Health Canada, Imperial Tobacco Canada, JTI-Macdonald Corp., Rothmans and Benson & Hedges Inc. meeting: Proposed Tobacco Product Regulations – December 13, 2018

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Meeting to discuss the proposed Tobacco Products Regulations (Plain and Standardized Appearance)


December 13, 2018


Health Canada (HC)

Canadian Tobacco Manufacturers’ Council (CTMC)


A meeting was held at the request of Imperial Tobacco Canada, JTI-Macdonald Corp., and Rothmans, Benson & Hedges Inc., under the auspices of the Canadian Tobacco Manufacturers’ Council (CTMC) to follow-up on previous discussions with respect to the proposed Tobacco Products Regulations (Plain and Standardized Appearance) (PSA).

The Chair opened the meeting by doing round table introductions.

The Chair reminded participants that this meeting is subject to disclosure as per HC’s Openness and Transparency policies. In the interest of transparency, the department stated that it would be making a record of the meeting publicly available. The handling of information and privacy notice was mentioned and acknowledged.

HC also referred to Article 5.3 of the World Health Organization Framework Convention on Tobacco Control, its international obligation to protect tobacco control policies from the vested interests of the tobacco industry.


The CTMC acknowledged that with a federal election taking place in fall 2019, they are aware of the mandate commitment to implement PSA for tobacco products. The CTMC further stated that they are concerned with their ability to deliver compliant products based on the proposed Regulations pre-published in Canada Gazette, Part I in June 2018, and that they are pushing to the maximum of their ability to be able to comply. To that end, the CTMC raised the following issues:

1. Timing and Implementation:
The CTMC acknowledged that the proposed Regulations would require slide-and-shell packages 6 months after the final Regulations are made. The CTMC stated that 24 months would be needed to be able to transition to slide-and-shell packages only. The CTMC indicated that a full transition to slide-and-shell, including artwork, could be achieved within this time-frame. The CTMC confirmed that investments have been made for slide-and-shell and that they are working and planning under the assumption that the government will proceed with requiring slide-and-shell packages.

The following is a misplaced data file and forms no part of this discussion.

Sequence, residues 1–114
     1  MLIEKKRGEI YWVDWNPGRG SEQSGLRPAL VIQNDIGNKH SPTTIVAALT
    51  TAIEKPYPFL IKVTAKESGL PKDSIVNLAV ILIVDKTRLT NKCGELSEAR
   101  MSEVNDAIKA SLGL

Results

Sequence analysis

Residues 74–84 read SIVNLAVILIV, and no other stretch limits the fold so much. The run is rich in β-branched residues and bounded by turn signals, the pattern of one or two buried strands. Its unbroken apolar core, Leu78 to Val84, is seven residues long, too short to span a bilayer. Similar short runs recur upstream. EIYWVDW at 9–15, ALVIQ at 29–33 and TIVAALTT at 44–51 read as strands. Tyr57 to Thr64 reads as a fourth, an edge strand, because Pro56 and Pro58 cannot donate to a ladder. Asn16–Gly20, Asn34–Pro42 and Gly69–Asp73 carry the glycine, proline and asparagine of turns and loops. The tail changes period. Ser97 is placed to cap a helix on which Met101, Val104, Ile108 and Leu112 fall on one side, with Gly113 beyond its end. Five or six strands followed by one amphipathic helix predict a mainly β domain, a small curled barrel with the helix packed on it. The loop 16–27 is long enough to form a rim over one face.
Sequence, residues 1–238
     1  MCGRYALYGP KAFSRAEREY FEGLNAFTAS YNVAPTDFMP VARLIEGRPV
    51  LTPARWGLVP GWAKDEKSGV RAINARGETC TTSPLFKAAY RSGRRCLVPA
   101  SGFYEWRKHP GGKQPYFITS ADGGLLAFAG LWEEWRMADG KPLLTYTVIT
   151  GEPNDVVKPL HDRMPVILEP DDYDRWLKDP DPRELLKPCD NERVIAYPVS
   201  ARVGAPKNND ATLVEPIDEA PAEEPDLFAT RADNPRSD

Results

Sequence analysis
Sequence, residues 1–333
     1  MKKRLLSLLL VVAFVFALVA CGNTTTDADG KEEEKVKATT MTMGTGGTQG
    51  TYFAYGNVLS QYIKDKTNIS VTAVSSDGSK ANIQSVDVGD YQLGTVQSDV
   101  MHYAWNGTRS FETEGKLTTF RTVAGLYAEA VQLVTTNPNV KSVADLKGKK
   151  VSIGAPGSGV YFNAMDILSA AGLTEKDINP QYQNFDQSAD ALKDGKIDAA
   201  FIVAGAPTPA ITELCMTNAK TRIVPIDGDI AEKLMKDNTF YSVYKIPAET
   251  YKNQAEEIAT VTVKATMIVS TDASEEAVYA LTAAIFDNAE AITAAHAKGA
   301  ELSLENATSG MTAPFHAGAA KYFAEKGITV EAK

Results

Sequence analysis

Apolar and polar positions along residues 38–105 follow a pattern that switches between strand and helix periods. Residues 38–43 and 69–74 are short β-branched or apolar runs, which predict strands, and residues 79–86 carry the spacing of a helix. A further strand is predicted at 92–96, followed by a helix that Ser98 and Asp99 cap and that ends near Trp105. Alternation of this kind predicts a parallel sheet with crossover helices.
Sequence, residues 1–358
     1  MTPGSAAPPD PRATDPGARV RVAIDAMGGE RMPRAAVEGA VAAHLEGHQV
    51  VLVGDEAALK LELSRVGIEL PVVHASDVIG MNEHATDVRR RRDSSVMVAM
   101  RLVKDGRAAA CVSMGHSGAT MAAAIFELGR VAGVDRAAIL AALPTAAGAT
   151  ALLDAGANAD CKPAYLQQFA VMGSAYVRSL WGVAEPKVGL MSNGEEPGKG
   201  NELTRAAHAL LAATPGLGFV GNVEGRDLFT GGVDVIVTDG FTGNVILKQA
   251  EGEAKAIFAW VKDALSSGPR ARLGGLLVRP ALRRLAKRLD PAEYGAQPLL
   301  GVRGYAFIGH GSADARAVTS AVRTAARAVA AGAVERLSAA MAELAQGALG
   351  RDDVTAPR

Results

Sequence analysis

The CTMC informed HC that other departments have asked them whether they had considered obtaining slide-and-shell machinery from other suppliers. The CTMC confirmed that there is only one company that has built this machinery before, and that they do not wish to work with suppliers who have no experience with slide-and-shell machinery under tight timelines.

HC stated that the department will do its best to ensure that the industry is informed of the final publication of the Regulations.

2. Technical Concerns:
The CTMC reiterated some of the technical concerns that were observed in the proposed Regulations that were pre-published in Canada Gazette, Part I:

  1. Insert for slide and shell format: The CTMC observed a discrepancy between the Tobacco Products Labelling Regulations (TPLR) and the proposed PSA Regulations that would impact the King Size 20 format. The CTMC stated that the TPLR calls for an insert for this package format based on its dimensions, but the objective of the PSA Regulations is to have information on the tobacco package.
  2. Production code/font size & alignment/ length and diameter: The CTMC reiterated their technical concerns with the requirements regarding production codes, font size and alignment, and length/diameter of cigarettes and pack size. HC responded that the concerns were received.
  3. Consumer contact information on packaging: The CTMC requested a provision that would allow the display of contact information on a tobacco product package, should a consumer wish to submit a complaint or follow-up on a recall.
  4. Reverse printing: The CTMC requested that the department revisit the requirement for Pantone 448C to be used on both sides of cardboard for a package due to concerns with glue adherence and the clarity of calibration marks on the interior of the packages. The CTMC stated that an unprinted interior would help the industry meet the proposed implementation timeline.
  5. Implementation timelines: The CTMC proposed a scenario where they could fully comply with the proposed regulations (i.e. artwork only, without the standardization of the cigarettes).

3. New Health Labelling for Tobacco Packaging: Document for Consultation:
The CTMC stated their concerns with the timing for new health labelling for tobacco product packaging, such as the increased complexity and costs for operational planning. The CTMC indicated that they will highlight their concerns in their submission to the consultation on new health labelling for tobacco product packaging.


The CTMC asked whether HC saw any red flags during the meeting. HC thanked the CTMC for raising their concerns, and indicated that the department was working diligently to finalize the regulations. The meeting was then concluded.


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